You may be interested in a book which has recently been published about the life of Sir John Fowler
The Victorian engineers Sir John Fowler and Sir Benjamin Baker are synonymous with their crowning achievement, the cantilevered Forth Bridge in Scotland. However, Fowler and his friend and business partner Baker also transformed Sir John's holiday retreat by building distinctive miniature bridges at his Highland estate of Braemore near Ullapool in Wester Ross, Scotland, between 1865 and 1897. Along with similar estates at Sir William Armstrong's Cragside and Isambard Kingdom Brunel's Watcombe, Fowler's Braemore represents an example of how Victorian engineers applied their skill and ingenuity to develop concepts of designed landscapes by creating an 'engineered landscape', by capturing water to produce hydro-electricity and creating forests and vistas for sport and pleasure.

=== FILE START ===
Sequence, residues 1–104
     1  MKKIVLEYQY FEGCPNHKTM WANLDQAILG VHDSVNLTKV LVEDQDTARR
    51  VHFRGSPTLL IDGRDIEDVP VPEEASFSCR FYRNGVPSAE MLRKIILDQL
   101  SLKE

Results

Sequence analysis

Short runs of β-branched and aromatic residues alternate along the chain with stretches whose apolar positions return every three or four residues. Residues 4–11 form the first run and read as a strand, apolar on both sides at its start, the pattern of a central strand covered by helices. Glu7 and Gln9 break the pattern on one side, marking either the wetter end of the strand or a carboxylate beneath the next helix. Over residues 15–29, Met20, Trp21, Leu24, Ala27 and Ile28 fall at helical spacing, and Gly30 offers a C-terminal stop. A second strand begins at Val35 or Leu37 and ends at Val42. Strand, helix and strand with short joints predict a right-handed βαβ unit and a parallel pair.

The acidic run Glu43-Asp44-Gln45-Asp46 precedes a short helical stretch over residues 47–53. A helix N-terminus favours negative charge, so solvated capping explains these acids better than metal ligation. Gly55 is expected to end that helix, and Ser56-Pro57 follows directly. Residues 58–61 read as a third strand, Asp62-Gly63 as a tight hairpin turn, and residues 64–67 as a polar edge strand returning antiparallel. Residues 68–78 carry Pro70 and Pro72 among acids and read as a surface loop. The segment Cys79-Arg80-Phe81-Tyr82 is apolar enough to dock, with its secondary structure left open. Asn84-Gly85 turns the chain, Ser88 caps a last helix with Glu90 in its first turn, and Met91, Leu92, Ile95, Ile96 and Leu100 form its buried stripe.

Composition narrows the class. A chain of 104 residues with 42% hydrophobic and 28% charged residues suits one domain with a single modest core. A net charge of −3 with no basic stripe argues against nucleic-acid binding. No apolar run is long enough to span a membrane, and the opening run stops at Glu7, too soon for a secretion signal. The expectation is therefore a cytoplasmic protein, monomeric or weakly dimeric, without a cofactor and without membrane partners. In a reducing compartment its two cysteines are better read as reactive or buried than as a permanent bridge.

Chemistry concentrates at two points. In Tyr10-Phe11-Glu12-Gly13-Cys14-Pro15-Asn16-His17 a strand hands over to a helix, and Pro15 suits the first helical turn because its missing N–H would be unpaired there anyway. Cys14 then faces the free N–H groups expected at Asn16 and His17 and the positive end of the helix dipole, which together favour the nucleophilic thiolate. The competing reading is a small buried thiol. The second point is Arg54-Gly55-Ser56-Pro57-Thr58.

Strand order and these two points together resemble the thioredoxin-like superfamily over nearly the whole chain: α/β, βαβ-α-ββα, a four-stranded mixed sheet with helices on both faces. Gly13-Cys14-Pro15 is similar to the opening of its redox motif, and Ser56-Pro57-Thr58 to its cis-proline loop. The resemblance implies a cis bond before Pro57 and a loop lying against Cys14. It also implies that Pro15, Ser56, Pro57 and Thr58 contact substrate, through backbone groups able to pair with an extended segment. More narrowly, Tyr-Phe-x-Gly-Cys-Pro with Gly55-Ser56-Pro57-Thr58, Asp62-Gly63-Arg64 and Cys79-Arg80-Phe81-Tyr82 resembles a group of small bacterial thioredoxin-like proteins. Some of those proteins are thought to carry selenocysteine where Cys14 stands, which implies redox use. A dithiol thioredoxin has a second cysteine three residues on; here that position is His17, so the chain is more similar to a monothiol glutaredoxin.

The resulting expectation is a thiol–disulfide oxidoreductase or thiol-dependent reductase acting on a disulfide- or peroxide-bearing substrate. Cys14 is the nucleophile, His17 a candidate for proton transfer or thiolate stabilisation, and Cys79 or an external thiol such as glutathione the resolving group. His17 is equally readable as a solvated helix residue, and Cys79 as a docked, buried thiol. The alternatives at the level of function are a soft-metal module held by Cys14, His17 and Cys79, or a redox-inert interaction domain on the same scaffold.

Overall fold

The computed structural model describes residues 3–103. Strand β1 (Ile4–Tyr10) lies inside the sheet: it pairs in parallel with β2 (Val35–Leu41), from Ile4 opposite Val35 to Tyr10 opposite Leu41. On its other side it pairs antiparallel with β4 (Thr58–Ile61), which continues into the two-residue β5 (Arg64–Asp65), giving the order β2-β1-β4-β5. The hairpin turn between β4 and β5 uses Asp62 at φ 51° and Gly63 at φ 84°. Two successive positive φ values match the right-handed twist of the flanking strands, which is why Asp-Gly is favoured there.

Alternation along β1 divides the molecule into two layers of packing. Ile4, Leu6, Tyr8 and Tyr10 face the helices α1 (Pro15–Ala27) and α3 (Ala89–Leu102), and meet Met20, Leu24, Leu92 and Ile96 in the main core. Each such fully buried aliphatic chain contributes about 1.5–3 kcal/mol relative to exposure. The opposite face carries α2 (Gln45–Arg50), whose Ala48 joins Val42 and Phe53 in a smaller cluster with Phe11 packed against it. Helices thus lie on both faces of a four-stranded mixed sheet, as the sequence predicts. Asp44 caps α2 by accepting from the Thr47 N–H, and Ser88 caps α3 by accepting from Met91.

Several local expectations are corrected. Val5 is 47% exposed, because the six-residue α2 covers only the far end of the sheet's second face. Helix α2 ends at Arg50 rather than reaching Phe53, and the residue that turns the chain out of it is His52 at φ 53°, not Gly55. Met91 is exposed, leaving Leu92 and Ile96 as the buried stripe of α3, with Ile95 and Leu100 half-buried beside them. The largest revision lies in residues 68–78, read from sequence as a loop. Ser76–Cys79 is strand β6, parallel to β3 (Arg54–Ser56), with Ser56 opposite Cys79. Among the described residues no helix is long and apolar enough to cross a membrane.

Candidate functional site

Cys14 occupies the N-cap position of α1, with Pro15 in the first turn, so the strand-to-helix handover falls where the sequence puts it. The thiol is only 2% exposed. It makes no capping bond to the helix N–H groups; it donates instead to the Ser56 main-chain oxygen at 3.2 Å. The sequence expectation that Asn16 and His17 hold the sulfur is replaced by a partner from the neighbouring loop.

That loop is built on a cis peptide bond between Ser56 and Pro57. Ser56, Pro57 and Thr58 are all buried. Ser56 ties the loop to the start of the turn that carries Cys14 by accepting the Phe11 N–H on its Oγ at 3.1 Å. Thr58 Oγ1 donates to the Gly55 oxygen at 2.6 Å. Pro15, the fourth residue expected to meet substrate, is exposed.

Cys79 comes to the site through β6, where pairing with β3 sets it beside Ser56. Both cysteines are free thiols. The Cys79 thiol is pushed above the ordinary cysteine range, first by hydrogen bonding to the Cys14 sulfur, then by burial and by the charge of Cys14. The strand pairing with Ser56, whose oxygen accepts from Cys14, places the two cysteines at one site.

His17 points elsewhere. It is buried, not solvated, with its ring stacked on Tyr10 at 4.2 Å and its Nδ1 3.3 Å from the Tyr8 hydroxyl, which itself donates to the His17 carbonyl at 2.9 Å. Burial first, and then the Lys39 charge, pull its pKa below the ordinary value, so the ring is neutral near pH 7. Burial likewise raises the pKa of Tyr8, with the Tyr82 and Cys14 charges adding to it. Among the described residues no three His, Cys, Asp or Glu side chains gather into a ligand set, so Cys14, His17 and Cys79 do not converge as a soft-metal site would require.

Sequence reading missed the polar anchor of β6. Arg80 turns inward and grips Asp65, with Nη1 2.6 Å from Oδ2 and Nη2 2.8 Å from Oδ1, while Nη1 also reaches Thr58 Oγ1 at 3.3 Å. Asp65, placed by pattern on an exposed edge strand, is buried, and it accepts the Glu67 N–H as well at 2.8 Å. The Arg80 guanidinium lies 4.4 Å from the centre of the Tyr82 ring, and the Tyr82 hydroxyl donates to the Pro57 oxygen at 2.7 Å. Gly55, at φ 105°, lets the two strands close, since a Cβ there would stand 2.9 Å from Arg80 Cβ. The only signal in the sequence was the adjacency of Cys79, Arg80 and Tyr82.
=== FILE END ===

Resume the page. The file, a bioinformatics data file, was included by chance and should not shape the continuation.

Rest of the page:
From the big bridges of their professional careers to the little bridges at Braemore, this book examines how Fowler and Baker created elegant yet functional features of a Victorian Highland landscape. The significance of these bridges is explored through three themes: how they fit into the wider context of 19th century civil engineering, how engineering principles were applied to miniature bridge design by understanding conceptually how bridges work as a structure, and why the bridges were placed where they were in the landscape. Fowler's bridges represent the distinct genre of Victorian miniature bridge building, with the most famous of the little bridges at Braemore being the suspension bridge at Corrieshalloch Gorge.